iSchool Classmates that work in Academic Libraries
Previously, I wrote a post about working in public libraries that my peers and I were able to provide feedback on. I thought to expand the idea to other professions in librarianship other than my own to learn from those who have first-hand experience in the field.
What drew you to academic libraries?
R: I adore research. I love learning new things. Working at the Research Center at CSUF they had a saying, “students come in and teach you about their topic, and we teach them how to find information about it.” It’s a two way street of learning, collaboration, and a research journey of discovery that just lights my heart up. To me it feels like a real life video game, with side quests, dead ends, new worlds that open up and require continual creative problem solving and communication. And the bigger the sea of information is, the more complex the databases, search engines, paywalls, and institutional tape gets, the more students will need information literacy professionals to act as guides in their research/learning journey. The more students realize that Google is just scratching the surface, and Google Scholar works with publishers to sell you information libraries can provide you for free – the more this complex and difficult this world gets, the more academic librarians act as captains of ships on that infinite sea of information, and the journey to new research is exciting, perilous and fun. I want to continue to learn and grow and study new things and be challenged every day, and that is a possibility in academic libraries.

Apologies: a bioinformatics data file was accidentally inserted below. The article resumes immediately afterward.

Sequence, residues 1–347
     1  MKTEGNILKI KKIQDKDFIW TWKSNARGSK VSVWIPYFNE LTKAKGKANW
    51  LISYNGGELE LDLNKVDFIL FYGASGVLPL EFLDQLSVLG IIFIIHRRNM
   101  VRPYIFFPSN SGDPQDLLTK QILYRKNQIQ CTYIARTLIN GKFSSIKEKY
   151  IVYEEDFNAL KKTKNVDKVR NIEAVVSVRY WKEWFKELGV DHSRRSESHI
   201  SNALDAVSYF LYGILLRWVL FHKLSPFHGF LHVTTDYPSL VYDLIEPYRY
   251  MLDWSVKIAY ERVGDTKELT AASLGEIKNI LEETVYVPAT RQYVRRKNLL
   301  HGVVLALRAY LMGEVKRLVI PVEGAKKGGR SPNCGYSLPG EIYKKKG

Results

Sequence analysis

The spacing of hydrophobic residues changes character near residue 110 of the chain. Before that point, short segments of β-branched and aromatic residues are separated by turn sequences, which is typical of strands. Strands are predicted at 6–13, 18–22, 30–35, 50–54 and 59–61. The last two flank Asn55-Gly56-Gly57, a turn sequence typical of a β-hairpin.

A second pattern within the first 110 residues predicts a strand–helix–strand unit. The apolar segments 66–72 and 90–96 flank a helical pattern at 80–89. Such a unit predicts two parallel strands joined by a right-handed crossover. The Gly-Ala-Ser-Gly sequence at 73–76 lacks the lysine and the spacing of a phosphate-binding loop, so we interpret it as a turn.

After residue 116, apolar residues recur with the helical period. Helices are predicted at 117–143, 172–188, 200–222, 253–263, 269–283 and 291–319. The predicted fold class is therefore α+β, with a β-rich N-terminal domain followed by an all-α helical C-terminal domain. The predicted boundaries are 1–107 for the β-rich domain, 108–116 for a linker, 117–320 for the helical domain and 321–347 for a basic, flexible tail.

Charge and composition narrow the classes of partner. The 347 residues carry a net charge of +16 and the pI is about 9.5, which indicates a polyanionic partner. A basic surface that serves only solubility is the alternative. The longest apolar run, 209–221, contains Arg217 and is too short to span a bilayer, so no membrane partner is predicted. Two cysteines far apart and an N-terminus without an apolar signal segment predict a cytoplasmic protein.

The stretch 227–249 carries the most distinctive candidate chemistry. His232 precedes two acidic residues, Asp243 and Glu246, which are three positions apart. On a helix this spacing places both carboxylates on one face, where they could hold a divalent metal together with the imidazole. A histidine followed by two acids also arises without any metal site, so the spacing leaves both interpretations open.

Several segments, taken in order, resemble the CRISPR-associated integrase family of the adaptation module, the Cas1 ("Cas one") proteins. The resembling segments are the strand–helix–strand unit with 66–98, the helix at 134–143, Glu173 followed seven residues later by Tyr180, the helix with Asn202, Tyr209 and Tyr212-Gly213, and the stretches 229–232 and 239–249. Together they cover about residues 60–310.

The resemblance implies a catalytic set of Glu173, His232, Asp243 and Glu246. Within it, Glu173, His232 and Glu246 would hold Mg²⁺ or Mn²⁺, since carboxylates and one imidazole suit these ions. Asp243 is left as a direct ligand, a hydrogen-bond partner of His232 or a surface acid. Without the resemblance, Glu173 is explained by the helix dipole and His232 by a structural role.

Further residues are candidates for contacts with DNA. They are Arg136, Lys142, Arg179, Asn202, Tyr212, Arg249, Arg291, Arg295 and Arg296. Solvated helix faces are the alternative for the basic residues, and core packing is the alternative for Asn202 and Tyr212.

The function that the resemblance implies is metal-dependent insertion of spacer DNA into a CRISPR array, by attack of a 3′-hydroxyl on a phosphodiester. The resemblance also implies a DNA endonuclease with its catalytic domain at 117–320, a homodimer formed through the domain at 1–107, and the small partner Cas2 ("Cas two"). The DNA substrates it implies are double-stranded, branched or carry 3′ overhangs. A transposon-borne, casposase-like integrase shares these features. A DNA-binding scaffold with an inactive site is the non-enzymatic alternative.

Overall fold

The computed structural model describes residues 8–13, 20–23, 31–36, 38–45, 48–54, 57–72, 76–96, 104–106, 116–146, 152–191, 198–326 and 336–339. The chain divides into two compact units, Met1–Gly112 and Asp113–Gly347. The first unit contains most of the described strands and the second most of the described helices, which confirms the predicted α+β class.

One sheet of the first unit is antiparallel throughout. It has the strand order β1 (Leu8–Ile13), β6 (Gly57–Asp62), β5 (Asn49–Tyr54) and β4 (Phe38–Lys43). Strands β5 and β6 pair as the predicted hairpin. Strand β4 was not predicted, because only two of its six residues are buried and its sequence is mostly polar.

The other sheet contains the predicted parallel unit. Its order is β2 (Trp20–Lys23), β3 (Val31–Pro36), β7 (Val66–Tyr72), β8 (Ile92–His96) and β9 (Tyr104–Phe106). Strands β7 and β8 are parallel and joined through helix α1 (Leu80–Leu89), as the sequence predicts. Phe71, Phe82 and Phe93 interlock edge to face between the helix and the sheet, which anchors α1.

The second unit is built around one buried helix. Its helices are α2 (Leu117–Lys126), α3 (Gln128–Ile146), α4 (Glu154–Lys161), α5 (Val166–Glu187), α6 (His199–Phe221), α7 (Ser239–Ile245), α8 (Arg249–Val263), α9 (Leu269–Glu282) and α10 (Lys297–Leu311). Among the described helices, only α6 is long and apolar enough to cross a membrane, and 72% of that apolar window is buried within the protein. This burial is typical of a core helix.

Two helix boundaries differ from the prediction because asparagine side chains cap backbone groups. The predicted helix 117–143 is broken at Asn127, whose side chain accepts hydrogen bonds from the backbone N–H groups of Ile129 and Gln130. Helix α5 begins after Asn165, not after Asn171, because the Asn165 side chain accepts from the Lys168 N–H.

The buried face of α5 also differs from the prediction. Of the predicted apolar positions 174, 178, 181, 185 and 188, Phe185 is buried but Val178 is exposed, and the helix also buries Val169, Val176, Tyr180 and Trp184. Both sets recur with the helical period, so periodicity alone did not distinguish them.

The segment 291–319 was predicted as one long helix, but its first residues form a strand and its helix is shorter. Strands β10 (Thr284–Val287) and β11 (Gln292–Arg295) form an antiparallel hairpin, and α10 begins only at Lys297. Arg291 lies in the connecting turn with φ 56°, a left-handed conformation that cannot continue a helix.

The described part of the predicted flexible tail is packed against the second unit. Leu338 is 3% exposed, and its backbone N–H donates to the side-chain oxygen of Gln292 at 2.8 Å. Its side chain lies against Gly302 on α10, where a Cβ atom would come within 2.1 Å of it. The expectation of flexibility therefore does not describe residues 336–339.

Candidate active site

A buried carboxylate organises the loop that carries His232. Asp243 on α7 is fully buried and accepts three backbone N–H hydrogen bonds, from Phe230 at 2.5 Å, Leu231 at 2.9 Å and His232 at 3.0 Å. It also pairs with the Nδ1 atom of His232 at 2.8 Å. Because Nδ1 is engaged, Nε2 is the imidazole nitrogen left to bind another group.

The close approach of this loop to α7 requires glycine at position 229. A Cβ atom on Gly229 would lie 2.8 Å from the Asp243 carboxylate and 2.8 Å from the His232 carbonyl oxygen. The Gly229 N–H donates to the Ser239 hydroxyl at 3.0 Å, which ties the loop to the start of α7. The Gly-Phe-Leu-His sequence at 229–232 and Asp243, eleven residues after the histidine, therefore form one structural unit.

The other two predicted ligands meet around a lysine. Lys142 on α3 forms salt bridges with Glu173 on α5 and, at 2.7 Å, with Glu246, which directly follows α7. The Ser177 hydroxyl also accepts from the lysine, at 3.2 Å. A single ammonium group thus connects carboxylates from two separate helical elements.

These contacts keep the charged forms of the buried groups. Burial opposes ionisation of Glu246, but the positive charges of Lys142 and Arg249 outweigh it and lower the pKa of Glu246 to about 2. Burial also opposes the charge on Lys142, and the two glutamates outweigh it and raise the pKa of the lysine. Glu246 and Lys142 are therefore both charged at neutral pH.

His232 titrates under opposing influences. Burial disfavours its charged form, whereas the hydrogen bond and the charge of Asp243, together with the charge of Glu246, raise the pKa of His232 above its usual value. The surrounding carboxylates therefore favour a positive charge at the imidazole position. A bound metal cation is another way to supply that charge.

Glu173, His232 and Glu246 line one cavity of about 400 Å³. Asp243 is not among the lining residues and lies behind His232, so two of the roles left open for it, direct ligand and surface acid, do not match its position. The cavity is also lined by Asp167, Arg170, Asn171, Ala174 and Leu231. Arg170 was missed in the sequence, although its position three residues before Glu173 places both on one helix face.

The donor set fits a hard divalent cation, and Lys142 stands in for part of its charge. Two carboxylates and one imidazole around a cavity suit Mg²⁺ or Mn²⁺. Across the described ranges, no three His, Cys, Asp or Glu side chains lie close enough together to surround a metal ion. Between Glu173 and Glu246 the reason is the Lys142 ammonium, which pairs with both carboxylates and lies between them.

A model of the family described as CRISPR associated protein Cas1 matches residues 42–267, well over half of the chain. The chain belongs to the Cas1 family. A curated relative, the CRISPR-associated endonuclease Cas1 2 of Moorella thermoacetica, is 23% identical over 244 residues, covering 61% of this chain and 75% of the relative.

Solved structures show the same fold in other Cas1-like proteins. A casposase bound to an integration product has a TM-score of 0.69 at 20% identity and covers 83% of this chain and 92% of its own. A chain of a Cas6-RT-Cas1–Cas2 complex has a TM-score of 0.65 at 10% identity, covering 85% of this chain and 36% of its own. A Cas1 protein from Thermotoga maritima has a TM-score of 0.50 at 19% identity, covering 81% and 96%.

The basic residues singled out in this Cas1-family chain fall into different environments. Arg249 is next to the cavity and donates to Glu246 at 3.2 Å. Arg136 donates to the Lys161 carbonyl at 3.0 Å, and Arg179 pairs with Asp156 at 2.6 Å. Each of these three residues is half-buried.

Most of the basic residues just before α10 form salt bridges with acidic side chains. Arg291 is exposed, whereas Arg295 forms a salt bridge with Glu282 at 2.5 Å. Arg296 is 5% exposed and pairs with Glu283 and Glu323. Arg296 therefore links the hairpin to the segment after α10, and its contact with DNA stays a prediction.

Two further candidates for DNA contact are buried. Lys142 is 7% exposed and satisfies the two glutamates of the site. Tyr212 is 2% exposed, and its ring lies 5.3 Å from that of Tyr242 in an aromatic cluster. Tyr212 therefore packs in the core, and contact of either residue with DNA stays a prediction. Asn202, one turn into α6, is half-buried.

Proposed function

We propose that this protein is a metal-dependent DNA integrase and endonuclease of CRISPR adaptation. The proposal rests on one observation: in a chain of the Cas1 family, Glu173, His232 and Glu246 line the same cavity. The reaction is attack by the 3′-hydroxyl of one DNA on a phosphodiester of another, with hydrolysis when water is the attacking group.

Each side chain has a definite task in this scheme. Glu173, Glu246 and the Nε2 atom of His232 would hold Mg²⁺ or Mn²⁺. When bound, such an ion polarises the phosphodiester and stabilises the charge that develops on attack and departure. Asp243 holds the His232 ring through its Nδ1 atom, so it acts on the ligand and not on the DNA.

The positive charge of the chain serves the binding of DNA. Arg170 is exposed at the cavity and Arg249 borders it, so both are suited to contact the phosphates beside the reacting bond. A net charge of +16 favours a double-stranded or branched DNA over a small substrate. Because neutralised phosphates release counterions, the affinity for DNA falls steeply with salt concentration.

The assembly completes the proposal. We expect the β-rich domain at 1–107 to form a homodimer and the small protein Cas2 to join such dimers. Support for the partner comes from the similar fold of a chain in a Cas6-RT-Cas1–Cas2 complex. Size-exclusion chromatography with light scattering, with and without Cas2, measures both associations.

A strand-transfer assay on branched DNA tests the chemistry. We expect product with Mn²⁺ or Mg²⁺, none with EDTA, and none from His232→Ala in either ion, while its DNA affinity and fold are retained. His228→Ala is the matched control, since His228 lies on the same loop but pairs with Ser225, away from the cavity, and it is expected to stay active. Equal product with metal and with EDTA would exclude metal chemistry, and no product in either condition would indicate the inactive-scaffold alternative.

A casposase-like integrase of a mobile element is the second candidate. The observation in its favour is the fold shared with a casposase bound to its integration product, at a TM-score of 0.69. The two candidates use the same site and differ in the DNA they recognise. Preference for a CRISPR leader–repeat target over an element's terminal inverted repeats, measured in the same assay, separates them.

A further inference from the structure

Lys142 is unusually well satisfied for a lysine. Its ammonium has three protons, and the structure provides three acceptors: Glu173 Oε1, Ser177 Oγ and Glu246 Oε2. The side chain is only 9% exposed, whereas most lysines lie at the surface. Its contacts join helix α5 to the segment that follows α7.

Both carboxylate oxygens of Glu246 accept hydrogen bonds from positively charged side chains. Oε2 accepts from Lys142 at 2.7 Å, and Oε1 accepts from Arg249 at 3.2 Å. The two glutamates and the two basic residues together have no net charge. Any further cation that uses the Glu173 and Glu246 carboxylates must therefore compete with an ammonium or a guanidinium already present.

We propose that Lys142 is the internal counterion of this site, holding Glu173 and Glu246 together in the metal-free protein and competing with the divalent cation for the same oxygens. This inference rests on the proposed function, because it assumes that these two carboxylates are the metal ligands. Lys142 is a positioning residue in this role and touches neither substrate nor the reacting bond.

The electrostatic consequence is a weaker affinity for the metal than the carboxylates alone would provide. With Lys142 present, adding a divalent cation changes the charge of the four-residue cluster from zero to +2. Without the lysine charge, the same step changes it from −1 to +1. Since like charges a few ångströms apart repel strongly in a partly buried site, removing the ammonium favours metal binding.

M: I discovered the field of librarianship in my first semester at an English Composition & Literature master’s program! An academic librarian was a guest lecturer in our entry-level graduate research methods class, and when she introduced herself she mentioned how she had an MLIS, and what sort of work she did at the university, exemplifying the types of research assistance that she and other academic librarians could provide for us throughout our academic journeys. After her lecture, I found myself thinking “Oh shoot – did I choose the wrong degree?! How have I never heard of a MLIS program before? Or librarianship for that matter?!” 🙂 I stuck with my English degree, thankfully (English literature and research are my research passions) but I never forgot my initial inspired interest in Academic Librarianship. I earned a Library Technology certificate in 2019, and started working as a Library Technician in community colleges that same year! In addition to this role, I’m also interning at my alma mater university as a Reference Librarian intern, hoping to garner instructional librarian experience, for which, in my current position as a Library Technician, I’m not expected to do.
E: After working at the public library as a page for a year during a global pandemic and a hiring freeze, I felt I was ready for a new position. Every night one of the jobs I googled was “library assistant.” One night, I got lucky and discovered a job at a small medical university on the other side of town. I was applying to SJSU at the same time as I was applying to the job posting and happily found myself accepted to both!
What do you do for your job?
R: I work as “Reference Desk Two” at California State University’s Research Center (which was rebranded from Reference because students didn’t relate to that term). I do one-on-one research consultations with any student, faculty or community member who walks up, over IM LibGuide Chat, and over the phone. I use all the CSUF databases, libguides and record the interaction with Springshare for future library evaluation of services. I also shadow academic reference librarians doing information literacy instruction to discover best practices and elements I want to integrate into my own IL sessions.